VMware Expands Desktop Ambitions

Mike Vizard

At the VMworld 2016 conference this week, it became more apparent just how comprehensively VMware has changed its approach to desktop computing. Rather than focusing solely on desktop virtualization, VMware is now pursuing a more holistic approach that spans everything from providing mechanisms for managing the authentication of endpoints to full-blown workspaces through which end users can access multiple applications.

This week VMware furthered its desktop ambitions by not only adding support for Windows 10 across its portfolio, but also adding support for a VMware Blast Extreme protocol that promises to reduce the amount of bandwidth images consume by a factor of six. That new protocol is intended to replace the PC-over-IP (PCoIP) protocol developed by Teradici that VMware previously relied on. At the same time, VMware added support for wide area network (WAN) optimization technologies from Riverbed Technology to improve overall performance even further.

Finally, VMware also extended the authentication capabilities of the VMware AirWatch platform to include support for Microsoft Office 365.

Rather than trying to virtualize every desktop, Dave Grant, senior director of product marketing for the End-User Computing unit at VMware, says VMware is now pursuing a modest agenda. At the moment, Grant estimates that only 10 to 15 percent of desktops today are virtual. As desktop virtualization in the form of the VMware Horizon becomes less expensive to deploy and easier to manage, Grant says that number might reach as high as 25 percent.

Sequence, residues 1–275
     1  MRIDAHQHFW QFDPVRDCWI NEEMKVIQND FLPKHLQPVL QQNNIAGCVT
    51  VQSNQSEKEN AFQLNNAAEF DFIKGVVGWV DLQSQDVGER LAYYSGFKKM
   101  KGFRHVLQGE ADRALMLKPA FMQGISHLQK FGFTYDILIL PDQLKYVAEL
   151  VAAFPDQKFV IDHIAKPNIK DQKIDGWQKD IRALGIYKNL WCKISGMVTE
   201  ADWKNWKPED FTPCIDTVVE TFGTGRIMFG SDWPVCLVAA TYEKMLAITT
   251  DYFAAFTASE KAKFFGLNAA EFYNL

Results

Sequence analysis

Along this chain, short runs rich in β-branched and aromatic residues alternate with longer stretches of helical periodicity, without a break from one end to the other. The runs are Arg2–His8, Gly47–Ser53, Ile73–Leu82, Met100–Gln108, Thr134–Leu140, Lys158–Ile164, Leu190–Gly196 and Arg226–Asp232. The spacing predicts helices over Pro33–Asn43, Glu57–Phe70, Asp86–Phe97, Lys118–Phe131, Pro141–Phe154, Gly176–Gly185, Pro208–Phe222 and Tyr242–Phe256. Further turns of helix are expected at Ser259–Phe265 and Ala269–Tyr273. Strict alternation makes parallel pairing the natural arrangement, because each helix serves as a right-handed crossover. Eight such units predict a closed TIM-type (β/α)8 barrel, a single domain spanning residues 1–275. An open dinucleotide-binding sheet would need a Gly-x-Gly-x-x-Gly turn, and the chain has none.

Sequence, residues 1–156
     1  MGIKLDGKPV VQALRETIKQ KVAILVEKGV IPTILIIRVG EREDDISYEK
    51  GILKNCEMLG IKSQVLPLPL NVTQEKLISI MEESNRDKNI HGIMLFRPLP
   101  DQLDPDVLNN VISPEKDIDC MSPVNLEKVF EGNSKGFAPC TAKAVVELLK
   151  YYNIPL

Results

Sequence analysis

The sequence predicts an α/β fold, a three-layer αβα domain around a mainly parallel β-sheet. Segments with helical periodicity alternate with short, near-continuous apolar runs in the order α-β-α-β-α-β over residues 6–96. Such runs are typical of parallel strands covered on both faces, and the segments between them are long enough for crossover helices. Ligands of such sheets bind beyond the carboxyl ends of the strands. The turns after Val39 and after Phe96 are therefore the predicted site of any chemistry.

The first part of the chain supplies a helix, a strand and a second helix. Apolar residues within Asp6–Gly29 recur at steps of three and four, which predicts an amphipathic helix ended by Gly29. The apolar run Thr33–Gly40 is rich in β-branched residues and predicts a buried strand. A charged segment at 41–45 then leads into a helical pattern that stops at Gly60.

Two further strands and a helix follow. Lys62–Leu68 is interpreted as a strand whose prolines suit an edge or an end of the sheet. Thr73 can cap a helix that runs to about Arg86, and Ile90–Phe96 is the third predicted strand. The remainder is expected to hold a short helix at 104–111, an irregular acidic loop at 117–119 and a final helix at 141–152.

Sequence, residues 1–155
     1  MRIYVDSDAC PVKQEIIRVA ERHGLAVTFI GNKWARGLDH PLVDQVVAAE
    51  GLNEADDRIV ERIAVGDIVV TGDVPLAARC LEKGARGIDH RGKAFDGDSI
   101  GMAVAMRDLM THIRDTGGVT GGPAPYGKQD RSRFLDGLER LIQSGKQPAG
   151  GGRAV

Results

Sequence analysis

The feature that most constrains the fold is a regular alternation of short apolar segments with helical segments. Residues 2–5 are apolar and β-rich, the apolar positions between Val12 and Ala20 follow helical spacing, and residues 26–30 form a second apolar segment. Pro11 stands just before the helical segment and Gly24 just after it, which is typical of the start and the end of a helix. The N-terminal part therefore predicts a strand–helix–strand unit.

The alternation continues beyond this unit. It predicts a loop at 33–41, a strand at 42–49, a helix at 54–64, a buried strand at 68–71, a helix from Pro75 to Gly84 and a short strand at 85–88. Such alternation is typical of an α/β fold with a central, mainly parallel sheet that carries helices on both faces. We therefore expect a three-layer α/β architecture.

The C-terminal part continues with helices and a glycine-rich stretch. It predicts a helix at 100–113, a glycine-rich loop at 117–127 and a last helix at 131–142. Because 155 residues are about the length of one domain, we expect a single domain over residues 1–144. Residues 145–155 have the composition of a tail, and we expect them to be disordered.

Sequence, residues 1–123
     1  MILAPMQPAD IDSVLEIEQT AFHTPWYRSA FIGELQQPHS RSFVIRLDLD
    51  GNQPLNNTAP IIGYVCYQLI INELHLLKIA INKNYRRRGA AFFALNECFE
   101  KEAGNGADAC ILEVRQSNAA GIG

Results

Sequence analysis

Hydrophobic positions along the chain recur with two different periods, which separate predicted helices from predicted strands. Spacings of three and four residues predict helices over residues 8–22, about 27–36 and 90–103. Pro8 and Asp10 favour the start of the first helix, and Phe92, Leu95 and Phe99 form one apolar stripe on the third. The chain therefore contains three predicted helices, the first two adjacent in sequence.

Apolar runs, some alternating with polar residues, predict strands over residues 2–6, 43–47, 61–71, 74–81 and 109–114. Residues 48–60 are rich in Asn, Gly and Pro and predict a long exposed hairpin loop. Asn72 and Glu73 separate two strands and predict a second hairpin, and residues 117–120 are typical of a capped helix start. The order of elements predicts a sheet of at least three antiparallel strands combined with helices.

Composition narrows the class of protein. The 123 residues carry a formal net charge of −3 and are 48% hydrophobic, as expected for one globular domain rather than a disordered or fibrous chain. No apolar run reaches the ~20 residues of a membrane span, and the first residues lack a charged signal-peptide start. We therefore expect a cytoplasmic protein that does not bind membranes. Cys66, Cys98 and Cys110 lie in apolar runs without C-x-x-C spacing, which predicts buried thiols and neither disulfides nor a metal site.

VMware Extends Desktop Ambitions

But VMware also has grander ambitions. The VMware Workspace ONE portfolio enables IT organizations to deploy a complete workspace including third-party applications that end users can deploy at will. The goal, says Grant, is to make managing desktop computing much simpler.

But even if IT organizations don’t buy into that entire vision, VMware is determined to remain relevant by providing endpoint management tools via the AirWatch portfolio.

“Not everything has to be about desktop virtualization,” says Grant.

No doubt it will be interesting to see how VMware, in collaboration with Dell Technologies, will advance those goals once the merger between EMC, the parent company of VMware, and Dell is complete. In the meantime, it’s increasingly clear that VMware’s ambitions for the desktop now go well beyond basic virtual desktop infrastructure (VDI).




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